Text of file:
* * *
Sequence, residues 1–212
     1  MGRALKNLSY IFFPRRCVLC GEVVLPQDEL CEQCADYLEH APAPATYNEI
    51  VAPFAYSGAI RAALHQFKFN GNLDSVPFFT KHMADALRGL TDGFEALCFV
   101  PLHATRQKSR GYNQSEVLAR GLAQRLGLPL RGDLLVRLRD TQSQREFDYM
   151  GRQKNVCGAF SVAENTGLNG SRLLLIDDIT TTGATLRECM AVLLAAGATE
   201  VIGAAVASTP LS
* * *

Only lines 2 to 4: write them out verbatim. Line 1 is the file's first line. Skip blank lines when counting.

     1  MGRALKNLSY IFFPRRCVLC GEVVLPQDEL CEQCADYLEH APAPATYNEI
    51  VAPFAYSGAI RAALHQFKFN GNLDSVPFFT KHMADALRGL TDGFEALCFV
   101  PLHATRQKSR GYNQSEVLAR GLAQRLGLPL RGDLLVRLRD TQSQREFDYM